Formative research (December 2020–June 2021) with service providers and potential end users in South Africa and Zimbabwe informed the clinical trial design, materials and recruitment methods. Established community and/or youth advisory groups at each site reviewed the protocols and provided input into the consent forms, behavioural questionnaires and translations. The study teams have also benefited from participation in the DPP consortium, a collaborative group of researchers, donors and civil society advocates established to inform and accelerate DPP development and introduction.40

Study settings

Hillbrow (Johannesburg), South Africa

PC953 is being conducted at the Wits RHI (Wits Reproductive Health and HIV Institute) Research Centre, a large research clinic situated in Hillbrow, Johannesburg. As of 2020, Johannesburg had 756 751 people living with HIV with an overall HIV prevalence of 13%. HIV prevalence was highest among females across all age groups: 28.3% for 25–49 years, 15% for women 50 and above and 9% for 15–24 years.41 Wits RHI conducts research on HIV, sexual and reproductive health (SRH) and vaccine-preventable diseases.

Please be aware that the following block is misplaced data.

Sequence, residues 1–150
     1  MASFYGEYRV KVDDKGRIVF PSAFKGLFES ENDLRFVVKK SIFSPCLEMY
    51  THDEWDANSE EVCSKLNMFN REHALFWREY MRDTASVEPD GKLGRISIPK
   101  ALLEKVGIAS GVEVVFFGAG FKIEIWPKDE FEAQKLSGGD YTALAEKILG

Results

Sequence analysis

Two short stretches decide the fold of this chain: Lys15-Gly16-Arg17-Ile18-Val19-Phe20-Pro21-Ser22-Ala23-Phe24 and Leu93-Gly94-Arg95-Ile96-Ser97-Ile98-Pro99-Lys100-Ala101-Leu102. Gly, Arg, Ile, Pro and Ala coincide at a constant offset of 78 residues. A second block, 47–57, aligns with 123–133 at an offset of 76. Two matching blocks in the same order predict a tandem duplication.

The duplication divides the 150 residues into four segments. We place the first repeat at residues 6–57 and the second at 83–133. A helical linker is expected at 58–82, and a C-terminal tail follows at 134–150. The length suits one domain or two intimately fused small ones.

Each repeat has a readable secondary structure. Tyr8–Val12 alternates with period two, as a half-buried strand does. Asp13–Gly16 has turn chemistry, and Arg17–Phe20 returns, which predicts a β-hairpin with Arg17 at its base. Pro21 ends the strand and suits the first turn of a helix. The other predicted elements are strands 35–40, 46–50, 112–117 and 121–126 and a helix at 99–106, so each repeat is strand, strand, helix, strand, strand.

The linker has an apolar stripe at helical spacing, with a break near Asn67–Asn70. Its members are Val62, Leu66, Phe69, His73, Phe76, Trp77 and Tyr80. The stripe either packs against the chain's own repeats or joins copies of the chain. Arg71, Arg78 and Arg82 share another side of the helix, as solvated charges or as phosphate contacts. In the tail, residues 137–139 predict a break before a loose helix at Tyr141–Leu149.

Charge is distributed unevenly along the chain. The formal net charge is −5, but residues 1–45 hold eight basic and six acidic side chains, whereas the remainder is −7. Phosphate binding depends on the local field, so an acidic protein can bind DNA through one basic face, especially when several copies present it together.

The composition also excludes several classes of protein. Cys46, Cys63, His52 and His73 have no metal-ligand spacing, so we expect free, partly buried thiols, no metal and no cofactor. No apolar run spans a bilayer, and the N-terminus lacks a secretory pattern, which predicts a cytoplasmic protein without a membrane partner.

Chitungwiza (Harare), Zimbabwe

PC952 is being implemented by the University of Zimbabwe Clinical Trials Research Centre (UZ-CTRC) at the Zengeza Clinical Research Site (CRS) in Chitungwiza, Zimbabwe’s second-largest city approximately 30 km south of Harare, with a generalised epidemic and HIV prevalence of 3.8% among women aged 15–19 years and 6.4% among women aged 20–24 years.42 The Zengeza CRS is located within a Chitungwiza City Health Department Municipal Clinic and conducts research on female-controlled HIV/STI (sexually transmitted infection) prevention strategies, including microbicides, oral and injectable PrEP and cervical barriers, and integrated HIV prevention strategies.

Study populations

We are recruiting participants (n=96, 16–40 years, South Africa; n=30, 16–24 years, Zimbabwe) from FP, PrEP and SRH clinics, and the general population. Although the DPP may ultimately appeal to individuals using other contraceptives or with an unmet FP need, we are enrolling participants who are already using COCs and are accustomed to daily pill-taking and the associated side effects of COCs (though they will not be used to the large DPP capsule). In addition, a recent study in Cape Town found that only 52% of 15–19 years (n=50/96) randomly assigned to use COCs (vs intravaginal rings or injectables) reported being fully adherent over an 8-week period,43 highlighting the importance of enrolling participants who have already been using COCs for at least 3 months.

Inclusion/exclusion criteria